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Making Sense of Teen Violence

Posted by Jane Akre
Thursday, April 10, 2008 12:28 AM EST
Category: Major Medical
Tags: Violence, Teen Violence, Bullying

Rosalind Wiseman commenting on NPR about the Lakeland teen violence

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IMAGE SOURCE: Rosalind Wiseman web site

 

This may be “The Story” where people around the country say enough is enough.

That from Rosalind Wiseman, author of the best-selling book, Queen Bees and Wannabes, which was the basis for the movie Mean Girls.  Wiseman coaches teachers, school systems with the Owning Up™ program, teaching kids to speak about social injustice and recognize the group dynamic that can lead to social cruelty and violence among young people.

Wiseman appeared on National Public Radio Wednesday to comment on the Lakeland cheerleader girl violence videotape intentionally captured to put on YouTube.

Wiseman doesn't like to blame videos or music for the escalating lack of civility in our society, but she asks parents to look at the words their kids are using to text message each other.

“Not everybody else’s kid but your kid” she says to the host. 

“I don’t get over the shock of the brutality and the lack of civility that kids can have and I never get over the shock of a parent saying it can’t be my kid or if it is my kid,  somebody else made them do it or they had a good reason to do it,” Wiseman says.

Verbal and physical abuse is a part of junior high and high school life and Wiseman says it can easily escalate into a need to put someone in their place.

Reality shows are giving our young people a skewed view of life she believes.  When people are pitted against each other Wiseman says, they are being shown acting in their lowest common base way.

“So what it's doing is normalizing that disgusting way of interacting with each other so kids think that is normal and it’s funny."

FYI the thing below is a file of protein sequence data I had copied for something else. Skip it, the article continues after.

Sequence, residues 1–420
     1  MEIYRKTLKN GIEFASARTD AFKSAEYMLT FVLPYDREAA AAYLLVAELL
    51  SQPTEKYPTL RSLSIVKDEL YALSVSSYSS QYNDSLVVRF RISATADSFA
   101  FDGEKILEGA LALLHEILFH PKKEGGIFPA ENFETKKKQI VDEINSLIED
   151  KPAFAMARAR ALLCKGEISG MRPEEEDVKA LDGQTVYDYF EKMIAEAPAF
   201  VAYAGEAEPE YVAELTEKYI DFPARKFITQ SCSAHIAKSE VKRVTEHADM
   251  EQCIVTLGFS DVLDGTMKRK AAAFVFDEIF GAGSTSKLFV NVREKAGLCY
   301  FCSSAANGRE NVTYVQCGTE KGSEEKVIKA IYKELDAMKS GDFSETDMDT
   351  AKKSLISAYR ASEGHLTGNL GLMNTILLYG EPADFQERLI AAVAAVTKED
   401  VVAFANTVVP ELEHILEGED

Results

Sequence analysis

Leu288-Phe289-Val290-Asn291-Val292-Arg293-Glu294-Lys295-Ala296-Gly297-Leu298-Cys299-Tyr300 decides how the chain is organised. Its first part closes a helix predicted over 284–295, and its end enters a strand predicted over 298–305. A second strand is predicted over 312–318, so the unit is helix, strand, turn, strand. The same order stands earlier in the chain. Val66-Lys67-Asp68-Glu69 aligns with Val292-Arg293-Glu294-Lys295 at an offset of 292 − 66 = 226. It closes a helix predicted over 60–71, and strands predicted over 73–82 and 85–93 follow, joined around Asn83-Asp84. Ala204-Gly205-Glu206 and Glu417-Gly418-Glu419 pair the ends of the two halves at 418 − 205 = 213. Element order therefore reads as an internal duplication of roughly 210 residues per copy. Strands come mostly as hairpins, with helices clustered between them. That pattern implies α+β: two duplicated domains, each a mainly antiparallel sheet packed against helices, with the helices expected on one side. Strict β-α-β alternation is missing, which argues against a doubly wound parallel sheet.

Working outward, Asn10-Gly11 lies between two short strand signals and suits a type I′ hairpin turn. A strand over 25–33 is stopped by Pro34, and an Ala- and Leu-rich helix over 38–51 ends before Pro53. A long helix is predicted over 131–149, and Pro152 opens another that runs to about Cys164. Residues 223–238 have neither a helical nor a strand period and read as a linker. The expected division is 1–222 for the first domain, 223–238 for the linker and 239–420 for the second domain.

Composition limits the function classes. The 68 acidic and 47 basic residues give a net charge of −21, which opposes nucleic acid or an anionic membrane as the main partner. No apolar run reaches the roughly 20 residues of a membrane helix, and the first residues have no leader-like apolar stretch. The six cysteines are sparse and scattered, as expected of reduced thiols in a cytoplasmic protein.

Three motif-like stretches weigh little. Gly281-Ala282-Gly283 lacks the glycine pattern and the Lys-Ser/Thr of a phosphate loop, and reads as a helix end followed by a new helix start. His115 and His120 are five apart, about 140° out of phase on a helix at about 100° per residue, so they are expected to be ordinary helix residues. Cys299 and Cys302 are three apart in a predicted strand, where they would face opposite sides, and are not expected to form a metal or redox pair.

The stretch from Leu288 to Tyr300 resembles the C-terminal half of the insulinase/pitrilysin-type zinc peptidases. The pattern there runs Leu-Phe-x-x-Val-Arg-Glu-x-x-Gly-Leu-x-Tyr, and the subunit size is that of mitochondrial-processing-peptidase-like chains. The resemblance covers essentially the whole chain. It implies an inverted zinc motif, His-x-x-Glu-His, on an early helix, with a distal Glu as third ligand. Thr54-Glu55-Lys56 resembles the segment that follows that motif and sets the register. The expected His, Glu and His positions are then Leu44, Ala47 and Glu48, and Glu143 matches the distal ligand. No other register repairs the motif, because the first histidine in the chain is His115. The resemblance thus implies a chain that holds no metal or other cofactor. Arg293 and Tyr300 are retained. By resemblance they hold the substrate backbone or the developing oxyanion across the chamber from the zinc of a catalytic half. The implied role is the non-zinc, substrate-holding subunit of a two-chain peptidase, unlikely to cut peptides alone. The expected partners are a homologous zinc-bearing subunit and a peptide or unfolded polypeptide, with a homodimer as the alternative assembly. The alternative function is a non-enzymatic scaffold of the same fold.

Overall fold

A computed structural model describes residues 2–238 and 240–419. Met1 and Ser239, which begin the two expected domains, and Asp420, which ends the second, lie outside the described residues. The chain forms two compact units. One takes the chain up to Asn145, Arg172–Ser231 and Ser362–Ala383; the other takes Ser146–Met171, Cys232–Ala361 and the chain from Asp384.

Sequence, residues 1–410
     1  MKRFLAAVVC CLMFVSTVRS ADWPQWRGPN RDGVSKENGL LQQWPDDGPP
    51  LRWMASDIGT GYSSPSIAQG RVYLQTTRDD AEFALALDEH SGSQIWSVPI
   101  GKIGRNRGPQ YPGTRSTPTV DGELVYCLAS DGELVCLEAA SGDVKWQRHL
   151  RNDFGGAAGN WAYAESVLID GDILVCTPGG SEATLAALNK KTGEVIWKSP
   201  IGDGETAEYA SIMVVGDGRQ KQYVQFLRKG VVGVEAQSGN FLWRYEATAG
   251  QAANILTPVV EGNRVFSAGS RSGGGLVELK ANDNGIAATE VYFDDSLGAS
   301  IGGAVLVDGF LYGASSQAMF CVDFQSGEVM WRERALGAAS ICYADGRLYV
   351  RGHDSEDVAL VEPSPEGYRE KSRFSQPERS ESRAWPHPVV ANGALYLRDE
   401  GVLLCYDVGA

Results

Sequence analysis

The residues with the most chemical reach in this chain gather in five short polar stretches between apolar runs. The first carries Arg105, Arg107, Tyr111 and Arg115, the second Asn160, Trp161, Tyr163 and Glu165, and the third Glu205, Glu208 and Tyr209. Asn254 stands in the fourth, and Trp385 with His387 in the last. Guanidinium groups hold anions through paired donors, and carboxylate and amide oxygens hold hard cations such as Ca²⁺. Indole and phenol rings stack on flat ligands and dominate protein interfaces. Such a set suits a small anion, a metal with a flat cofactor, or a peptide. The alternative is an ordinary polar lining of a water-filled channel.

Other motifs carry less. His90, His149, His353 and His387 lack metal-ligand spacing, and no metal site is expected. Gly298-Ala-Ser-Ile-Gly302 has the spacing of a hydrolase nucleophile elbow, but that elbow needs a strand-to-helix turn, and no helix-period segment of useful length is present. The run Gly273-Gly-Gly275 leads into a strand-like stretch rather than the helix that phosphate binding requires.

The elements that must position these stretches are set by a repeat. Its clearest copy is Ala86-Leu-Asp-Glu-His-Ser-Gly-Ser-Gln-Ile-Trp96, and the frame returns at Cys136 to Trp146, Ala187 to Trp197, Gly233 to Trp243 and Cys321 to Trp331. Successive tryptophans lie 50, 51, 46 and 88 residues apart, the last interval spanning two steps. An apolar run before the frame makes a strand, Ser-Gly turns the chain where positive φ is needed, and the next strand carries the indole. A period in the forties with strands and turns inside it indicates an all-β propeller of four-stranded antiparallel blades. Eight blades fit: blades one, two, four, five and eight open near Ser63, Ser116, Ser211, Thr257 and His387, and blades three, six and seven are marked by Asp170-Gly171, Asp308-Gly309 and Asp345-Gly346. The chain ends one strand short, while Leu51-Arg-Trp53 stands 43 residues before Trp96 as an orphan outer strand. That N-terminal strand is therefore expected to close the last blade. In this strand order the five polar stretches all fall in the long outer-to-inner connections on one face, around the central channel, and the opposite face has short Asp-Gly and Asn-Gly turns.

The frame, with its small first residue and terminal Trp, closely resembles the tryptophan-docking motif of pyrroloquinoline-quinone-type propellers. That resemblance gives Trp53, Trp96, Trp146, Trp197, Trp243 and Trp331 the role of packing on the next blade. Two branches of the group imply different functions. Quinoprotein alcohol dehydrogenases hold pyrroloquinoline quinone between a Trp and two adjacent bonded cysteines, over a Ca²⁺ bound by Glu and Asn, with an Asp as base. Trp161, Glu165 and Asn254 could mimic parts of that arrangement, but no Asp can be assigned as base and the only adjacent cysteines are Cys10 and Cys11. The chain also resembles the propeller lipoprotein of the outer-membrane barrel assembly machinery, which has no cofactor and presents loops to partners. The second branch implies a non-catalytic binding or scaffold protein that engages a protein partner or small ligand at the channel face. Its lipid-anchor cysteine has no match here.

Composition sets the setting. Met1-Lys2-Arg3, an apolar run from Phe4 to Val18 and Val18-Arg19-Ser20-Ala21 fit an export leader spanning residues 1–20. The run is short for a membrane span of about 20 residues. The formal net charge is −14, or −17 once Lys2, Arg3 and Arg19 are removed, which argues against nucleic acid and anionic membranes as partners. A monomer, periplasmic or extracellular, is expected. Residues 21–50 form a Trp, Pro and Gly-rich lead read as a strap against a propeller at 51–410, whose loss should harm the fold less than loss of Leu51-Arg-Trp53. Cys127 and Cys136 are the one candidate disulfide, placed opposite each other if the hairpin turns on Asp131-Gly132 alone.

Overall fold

Parents, as anyone might expect, are part of the problem she tells NPR. So many parents shy away from technology, from texting to social networks. Couple that with a “kids will be kid’s attitude and many children are going without a guide. I

As to the Lakeland cheerleader violence, Wiseman says violence in packs is not unusual, especially among kids who are in a high social hierarchy in school. And often kids from a higher socio-economic bracket think that the rules don’t apply to them.

In her coaching to students, Wiseman reminds them that reporting violence or bullying is not the same as tattling.  Reporting means that change can be brought about while tattling just is launched to get someone in trouble.

School bullying verbal and violence is preventable. All it takes is one adult intervening and that can happen at any level.  Perhaps it’s a school psychologist who gets it and can communicate with kids, or a principal who wants to be proactive and work with parents.  One adult working with kids can make a difference.

The Safe School Ambassadors Program has trained 18,000 kids to be good will ambassadors in 400 schools around the country to intervene in anti-social behavior before it escalates.

On the positive side, Wiseman says more principals than ever are calling on coaches to help schools decipher the impact of the internet on their school culture before someone brings in a gun, sets fire or blows something up.

“I’ve seen a lot of principals say I’ve got to get a handle on this so I think we are turning the boat around a tiny bit.”

Wiseman recommends, if a child is acting out violently first – model good behavior they can follow. Then say “I’m so disappointed in you” followed by taking away their lines of communication, cell phones, texting, computers. Absolutely do not let a child have a cell phone in their bedroom she says, unless you want them up all night.  Then take away a privilege that they value the most.  Don’t cave on the consequences, she warns.   Lastly, make it clear the sort of behavior that would make you proud.